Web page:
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Twenty-five species of colonial waterbirds nest in Virginia including herons, egrets, ibises, gulls, terns, skimmers, cormorants, and pelicans. A coalition of agencies, organizations and individuals has systematically surveyed waterbird nesting colonies throughout the Coastal Plain periodically since 1993. The objectives of these surveys have been to develop timely data resources that may be used for environmental review and to assess long-term trends in breeding populations. The 2018 survey represents a continuation of the series. The objective of the sub-project reported here was to survey heronries throughout urban areas of lower Tidewater including the cities of Newport News, Hampton, Norfolk, Virginia Beach, and Portsmouth. We surveyed lower Tidewater for heron colonies between 10 April and 3 July, 2018 by systematically driving or walking through neighborhoods and other urban areas. We mapped and surveyed 90 heronries that supported great egrets, yellow-crowned night herons and green herons. Colony size varied from 2 to 259 breeding pairs with 79% below 10 pairs and 93% below 20 pairs. The total number of breeding pairs has increased by nearly 30% since 2003 but is comparable to the number found in 1993. The number of colonies has increased steadily over time and is more than double that found in 1993. The increase is due entirely to the proliferation (30 vs 86) of yellow-crowned night herons over this time. The number of colonies of great egrets (7 vs 3) and green herons (11 vs 4) has declined over this same time. Population changes of herons within urban areas should be viewed within the larger context of the state-wide population. Great egrets continue to expand their breeding range westward in Virginia and the broader population has increased significantly over the past 30 years. However, tension continues between urban-nesting pairs and landowners and several breeding locations have been lost. Urban-nesting pairs of yellow-crowned night herons represent a significant percentage of the state-wide population. Yellow-crowns have been declining within other breeding locations but have experienced resurgence within urban areas. Although green herons breed widely throughout the state, population estimates have always been poor due to the difficulty of surveying for them. Several important breeding sites within urban areas have been lost over the past 30 years resulting in a significant decline of the known population. Causes for these losses remain unclear.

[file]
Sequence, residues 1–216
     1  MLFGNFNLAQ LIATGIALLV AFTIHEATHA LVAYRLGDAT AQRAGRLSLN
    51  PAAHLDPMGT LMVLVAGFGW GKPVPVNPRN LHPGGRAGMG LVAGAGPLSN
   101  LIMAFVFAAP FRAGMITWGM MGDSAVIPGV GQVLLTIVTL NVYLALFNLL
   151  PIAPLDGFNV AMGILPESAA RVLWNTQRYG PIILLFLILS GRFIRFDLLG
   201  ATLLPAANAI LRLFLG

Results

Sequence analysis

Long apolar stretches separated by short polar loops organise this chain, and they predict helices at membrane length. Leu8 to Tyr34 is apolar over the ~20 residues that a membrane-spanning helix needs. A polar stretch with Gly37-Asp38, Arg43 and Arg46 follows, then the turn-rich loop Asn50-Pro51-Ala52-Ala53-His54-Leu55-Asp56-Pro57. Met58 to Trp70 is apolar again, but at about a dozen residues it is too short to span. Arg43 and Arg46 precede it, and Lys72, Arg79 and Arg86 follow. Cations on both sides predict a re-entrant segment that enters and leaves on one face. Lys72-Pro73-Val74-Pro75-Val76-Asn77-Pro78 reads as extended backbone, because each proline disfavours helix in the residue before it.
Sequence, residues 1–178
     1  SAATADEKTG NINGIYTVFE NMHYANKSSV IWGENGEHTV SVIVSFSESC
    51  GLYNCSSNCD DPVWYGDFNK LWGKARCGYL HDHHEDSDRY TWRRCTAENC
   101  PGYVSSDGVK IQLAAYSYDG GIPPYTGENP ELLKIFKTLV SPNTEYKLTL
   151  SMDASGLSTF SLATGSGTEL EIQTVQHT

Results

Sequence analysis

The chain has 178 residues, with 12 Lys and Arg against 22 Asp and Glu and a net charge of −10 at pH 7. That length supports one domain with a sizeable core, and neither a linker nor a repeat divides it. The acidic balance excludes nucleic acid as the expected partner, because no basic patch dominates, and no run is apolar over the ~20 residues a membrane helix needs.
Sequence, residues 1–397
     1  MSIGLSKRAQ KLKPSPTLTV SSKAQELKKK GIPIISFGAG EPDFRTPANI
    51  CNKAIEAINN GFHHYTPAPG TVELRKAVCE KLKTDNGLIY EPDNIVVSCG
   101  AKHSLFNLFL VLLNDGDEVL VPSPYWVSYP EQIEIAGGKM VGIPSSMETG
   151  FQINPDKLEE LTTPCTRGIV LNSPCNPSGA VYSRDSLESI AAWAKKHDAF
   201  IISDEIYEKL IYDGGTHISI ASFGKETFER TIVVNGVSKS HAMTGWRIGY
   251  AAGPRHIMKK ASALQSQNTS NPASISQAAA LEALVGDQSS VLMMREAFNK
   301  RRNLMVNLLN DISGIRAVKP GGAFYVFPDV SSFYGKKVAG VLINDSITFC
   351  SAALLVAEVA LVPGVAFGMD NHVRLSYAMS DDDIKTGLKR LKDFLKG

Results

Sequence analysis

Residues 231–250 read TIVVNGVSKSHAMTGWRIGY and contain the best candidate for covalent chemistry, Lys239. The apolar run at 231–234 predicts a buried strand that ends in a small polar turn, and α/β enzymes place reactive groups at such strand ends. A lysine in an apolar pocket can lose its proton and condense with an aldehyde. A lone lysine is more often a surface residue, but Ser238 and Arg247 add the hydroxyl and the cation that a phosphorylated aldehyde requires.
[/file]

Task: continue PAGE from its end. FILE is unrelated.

Abundance/distribution, Breeding/Demography/Population Dynamics, Wildlife and Society


Green Heron, Great Egret, Yellow-crowned Night Heron, Waterbirds, Urban birds